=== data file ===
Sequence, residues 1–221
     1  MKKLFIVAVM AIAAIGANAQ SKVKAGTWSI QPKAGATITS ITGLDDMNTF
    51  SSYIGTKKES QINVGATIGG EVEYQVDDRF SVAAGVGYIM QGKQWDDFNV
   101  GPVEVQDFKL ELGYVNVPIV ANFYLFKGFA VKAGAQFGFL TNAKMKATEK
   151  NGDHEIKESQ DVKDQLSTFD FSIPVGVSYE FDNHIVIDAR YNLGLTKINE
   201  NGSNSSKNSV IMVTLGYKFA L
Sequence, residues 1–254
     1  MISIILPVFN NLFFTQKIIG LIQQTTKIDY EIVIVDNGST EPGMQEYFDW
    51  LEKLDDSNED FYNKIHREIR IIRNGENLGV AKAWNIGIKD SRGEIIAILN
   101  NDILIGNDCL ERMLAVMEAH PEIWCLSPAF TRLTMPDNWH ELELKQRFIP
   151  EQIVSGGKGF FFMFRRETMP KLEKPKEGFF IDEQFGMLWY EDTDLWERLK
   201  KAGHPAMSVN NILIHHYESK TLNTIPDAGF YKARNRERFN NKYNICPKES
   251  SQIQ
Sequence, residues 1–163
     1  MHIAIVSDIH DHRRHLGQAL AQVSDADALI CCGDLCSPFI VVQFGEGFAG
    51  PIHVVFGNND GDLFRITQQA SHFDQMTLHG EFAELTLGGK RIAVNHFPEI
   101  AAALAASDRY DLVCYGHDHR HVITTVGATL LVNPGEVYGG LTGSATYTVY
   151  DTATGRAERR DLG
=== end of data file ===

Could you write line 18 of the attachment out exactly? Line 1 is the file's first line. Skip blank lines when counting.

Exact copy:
   151  DTATGRAERR DLG